“Giant African land snail” is the common name used to describe any of three snail species native to Africa and considered serious agricultural pests in the United States. The giant African snail (Achatina fulica), the giant Ghana tiger snail (Achatina achatina), and margies (Archachatina marginata) are large, terrestrial snails that reach up to 20 cm (8 inches) in length and 10 cm (4 inches) in maximum diameter. These snails are about the size of an average-size adult fist. The brownish shell with darker brown vertical stripes covers at least half the length of the snail.
Giant African snails have a voracious appetite. They are known to eat at least 500 different types of plants, including peanut, beans, peas, cucumbers, and melons. If fruits or vegetables are not available, the snails will eat a wide variety of ornamental plants, tree bark, and even paint and stucco on houses.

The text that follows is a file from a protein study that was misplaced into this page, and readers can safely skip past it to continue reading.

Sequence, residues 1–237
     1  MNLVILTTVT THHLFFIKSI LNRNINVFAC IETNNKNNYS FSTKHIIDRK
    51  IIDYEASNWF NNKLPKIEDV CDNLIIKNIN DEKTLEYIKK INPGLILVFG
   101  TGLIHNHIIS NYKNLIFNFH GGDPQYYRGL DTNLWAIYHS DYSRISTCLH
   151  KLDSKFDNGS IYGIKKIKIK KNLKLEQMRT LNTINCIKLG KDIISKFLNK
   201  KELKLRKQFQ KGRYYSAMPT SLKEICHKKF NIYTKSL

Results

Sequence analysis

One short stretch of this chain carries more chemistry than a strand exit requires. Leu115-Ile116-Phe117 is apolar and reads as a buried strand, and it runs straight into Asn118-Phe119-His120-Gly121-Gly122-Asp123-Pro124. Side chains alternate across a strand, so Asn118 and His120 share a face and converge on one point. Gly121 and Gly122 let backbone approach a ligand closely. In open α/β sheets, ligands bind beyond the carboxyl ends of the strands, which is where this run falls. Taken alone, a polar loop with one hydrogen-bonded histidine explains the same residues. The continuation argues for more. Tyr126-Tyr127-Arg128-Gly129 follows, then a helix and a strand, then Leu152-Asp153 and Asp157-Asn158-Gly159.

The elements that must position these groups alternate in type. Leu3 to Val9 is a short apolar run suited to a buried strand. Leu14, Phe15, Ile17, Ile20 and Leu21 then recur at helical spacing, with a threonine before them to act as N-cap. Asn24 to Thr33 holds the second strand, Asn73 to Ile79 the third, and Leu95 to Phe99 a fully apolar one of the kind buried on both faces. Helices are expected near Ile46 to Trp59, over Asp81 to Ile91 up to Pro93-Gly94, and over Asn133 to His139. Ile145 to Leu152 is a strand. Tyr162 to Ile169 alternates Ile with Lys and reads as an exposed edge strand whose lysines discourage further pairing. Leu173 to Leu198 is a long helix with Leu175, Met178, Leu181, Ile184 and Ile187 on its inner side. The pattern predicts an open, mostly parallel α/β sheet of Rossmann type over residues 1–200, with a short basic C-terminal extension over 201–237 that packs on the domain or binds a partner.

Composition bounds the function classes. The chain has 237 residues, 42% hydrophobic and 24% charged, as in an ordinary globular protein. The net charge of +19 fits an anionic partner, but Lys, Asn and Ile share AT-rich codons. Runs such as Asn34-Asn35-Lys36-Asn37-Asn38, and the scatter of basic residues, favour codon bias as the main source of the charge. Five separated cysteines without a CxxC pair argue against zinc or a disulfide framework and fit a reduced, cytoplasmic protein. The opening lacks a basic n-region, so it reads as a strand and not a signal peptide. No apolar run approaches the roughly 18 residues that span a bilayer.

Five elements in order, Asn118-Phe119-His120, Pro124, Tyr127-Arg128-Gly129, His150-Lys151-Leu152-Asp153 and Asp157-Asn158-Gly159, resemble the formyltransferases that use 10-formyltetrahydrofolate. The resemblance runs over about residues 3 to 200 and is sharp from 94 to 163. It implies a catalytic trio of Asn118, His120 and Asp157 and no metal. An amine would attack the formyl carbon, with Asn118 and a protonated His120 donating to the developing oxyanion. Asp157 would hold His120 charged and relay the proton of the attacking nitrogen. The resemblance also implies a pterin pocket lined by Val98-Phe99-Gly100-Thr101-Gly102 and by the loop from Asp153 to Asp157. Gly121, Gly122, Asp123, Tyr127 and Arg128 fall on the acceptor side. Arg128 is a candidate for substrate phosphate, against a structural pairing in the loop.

The giant African land snail is an unwanted visitor to the United States. Although it has been traded at flea markets and kept as a pet, the U.S. Department of Agriculture has never issued a permit to import the snails. All of the snails in the U.S. are here illegally.
As a reaction to the discovery of the snails in Indiana in 2005, the DNR issued a quarantine banning the snails in Indiana (312 IAC 18-3-19).
If these snails are seen, IMMEDIATELY report them by contacting the United States Department of Agriculture, Animal & Plant Health Inspection Service, Plant Protection & Quarantine, at 765-446-0267 or the Indiana Department of Natural Resources, at 866-NO-EXOTIC.